Navigate to the ppt folder, then the media folder, and you will see a list of images that are included in the presentation. Note, PowerPoint did not maintain the original file name, so you’ll have to dig through the files if you have many of them. In this example, I had just one single picture and PowerPoint called image1.jpg.
You can now drag the file out to the desktop, open it, examine it and see exactly what happened to the image in your presentation. Getting direct access to the images stored in the file has many other useful benefits and possibilities.
While I'm glad you made this easier to find (I actually knew about it and realized how hard it was to find), I'm not loving the idea of it doing the cropping automatically. This should be part of the finishing process. I will often (and I know other heavy PowerPoint users who do the same) who will change the crop of a picture after they've saved it. Sometimes it will go through multiple revisions and sometimes the person changing the crop will not be the person with the original image. So I'm thinking that this should be part of the finishing menu.
Great post!! looking forward for more!
I'm not sure I like the automatic removal of the crop. I understand why you've added it, but I know some of us have come to rely on this bizarre quirk of PPT. (I use it often when I've received files from others and I need to get at the originals. Since they didn't know about the "compress pictures" options, the original was usually there, just waiting for me to free it from the nonproportionate sizing and weird crops inflicted upon it by unknowing users.) I'm glad someone else posted that they're not thrilled with the new crop behavior -- I thought it would just be me. Also, is there a way to change the 220 default PPI? (Maybe a registry hack?)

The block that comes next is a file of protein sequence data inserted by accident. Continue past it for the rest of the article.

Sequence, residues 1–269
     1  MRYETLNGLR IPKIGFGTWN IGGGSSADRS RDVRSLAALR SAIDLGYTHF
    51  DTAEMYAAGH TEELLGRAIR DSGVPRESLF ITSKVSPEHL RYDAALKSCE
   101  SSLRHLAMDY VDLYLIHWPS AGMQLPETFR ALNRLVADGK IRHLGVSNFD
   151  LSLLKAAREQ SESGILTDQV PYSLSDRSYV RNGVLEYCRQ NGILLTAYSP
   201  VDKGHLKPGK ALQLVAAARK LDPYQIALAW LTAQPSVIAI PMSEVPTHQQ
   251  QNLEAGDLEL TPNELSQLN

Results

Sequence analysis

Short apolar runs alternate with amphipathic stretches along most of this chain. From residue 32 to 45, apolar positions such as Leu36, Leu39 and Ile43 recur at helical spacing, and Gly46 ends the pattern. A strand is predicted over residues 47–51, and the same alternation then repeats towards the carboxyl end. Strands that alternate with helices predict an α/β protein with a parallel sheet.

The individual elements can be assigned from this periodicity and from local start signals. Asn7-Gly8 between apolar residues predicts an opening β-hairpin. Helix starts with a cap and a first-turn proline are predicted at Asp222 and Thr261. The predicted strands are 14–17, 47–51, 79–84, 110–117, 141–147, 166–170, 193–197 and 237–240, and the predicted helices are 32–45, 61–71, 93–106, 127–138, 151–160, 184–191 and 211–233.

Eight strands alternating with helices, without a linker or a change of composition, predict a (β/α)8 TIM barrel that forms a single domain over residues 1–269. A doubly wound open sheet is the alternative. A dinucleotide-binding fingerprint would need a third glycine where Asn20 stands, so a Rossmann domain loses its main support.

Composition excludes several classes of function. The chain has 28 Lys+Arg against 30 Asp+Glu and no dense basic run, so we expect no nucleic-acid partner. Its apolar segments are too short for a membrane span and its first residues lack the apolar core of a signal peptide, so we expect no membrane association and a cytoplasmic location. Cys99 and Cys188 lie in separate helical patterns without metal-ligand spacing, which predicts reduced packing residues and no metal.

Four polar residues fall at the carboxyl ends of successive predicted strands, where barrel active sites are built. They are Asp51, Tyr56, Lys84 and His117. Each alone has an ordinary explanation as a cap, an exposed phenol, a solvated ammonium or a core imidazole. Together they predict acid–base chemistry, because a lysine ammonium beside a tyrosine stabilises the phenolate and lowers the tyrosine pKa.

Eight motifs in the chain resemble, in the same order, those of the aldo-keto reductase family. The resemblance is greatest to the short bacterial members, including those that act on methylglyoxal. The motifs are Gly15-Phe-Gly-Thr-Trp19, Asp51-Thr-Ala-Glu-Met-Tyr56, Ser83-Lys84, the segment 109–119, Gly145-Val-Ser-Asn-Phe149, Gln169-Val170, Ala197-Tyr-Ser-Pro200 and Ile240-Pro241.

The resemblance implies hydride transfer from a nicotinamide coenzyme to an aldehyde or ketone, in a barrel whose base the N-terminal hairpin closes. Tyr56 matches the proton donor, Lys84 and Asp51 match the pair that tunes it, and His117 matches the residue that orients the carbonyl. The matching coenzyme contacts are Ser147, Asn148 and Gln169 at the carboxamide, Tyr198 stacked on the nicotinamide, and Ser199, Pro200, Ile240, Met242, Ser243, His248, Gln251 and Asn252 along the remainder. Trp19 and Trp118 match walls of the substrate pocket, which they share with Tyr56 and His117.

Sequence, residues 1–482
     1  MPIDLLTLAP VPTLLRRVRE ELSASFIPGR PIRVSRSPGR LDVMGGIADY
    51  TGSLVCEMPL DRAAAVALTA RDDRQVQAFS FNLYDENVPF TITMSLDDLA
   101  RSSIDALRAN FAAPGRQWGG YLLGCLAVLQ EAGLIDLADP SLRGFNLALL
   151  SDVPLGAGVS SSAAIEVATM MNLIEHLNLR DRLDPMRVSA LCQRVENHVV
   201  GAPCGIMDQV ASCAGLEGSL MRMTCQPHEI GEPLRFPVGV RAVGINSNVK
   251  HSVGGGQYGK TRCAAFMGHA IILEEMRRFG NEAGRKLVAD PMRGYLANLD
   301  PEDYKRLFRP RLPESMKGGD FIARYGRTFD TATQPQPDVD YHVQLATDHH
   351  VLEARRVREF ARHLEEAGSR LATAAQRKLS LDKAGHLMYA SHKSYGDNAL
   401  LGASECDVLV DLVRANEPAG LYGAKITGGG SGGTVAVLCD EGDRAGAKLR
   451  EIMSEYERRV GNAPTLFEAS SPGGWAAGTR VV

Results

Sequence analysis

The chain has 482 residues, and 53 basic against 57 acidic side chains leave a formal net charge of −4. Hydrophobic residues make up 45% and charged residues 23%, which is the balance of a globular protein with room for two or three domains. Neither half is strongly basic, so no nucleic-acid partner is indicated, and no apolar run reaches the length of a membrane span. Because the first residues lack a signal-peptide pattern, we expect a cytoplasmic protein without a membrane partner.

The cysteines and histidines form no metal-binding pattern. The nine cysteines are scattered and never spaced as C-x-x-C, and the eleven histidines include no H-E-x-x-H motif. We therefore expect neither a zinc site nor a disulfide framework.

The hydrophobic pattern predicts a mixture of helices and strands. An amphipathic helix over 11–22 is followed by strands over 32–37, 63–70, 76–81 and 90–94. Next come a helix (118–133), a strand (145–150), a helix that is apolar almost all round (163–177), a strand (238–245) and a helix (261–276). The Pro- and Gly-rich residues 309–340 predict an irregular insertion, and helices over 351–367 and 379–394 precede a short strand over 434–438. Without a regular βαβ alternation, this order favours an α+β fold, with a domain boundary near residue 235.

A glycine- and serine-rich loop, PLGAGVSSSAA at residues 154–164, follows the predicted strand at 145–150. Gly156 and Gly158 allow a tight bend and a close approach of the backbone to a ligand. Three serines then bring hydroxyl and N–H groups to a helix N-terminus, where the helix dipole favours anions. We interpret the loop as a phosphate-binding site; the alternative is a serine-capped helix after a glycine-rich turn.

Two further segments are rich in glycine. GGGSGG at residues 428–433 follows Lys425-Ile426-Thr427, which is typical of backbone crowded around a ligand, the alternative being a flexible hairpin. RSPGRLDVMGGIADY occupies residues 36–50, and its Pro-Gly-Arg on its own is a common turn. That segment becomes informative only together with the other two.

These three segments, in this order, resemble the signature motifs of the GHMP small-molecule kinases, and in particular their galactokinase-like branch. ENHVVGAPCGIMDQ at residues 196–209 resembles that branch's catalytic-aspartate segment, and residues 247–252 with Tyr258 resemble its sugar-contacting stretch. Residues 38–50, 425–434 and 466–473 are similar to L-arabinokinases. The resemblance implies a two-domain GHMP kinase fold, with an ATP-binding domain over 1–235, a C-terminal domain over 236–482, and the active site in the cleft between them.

I always used this compress option to
- CROP images so that sensitive parts of my desktop were not saved and I had only the screenshot
- NOT reduce the quality: I wanted the non-croped pixels to stay the same! This dialogue looks like it will not allow me to choose "Leave DPI alone, don't resize"! What if I want no resize, but need cropping-removal? I'm afraif of blurriness. Screenshots should NEVER be resized! They only look great in original size or if at most one resizing was done
Among all the many awful, awful things you people have done to PowerPoint, this ranks among the worst. How do I PERMANENTLY turn off the automatic picture compression? Do I have to reset it every time I work in this program? I work for an architect, we are constantly resizing and recropping our images once they're in PowerPoint and this feature has already cost me several hours of work reinserting, resizing and recropping images (and the enmity of several coworkers whom I've accused of prematurely compressing their images) before I figured out it was your fault. The whole PowerPoint paradigm points up the dangers of people whose livelihoods don't depend on doing presentations designing presentation software. I am recommending to my superiors that we junk 2007 completely and switch back to 2003.
For those interested in permanently turning off this "feature," here is a link with instructions on how to edit your Registry: www.technospot.net/.../how-to-disable-image-compression-in-power-point-2007 Don't forget to unclick "Delete cropped areas of pictures" under the compression option. This is a one-time fix--it sticks in future PowerPoint sessions. However, when opening existing PowerPoints and saving them as new files, you still have to select the Tools button and manually turn off automatic image compression for the new file.
The new way is awful compared to the old way. The 2003 way was quick and easy to find. It is now complete bloat.
What and where is the picture ribbon? Please do not define things using jargon! I cannot find how to even start doing this. "Not only is it clearly displayed in the Picture Ribbon,"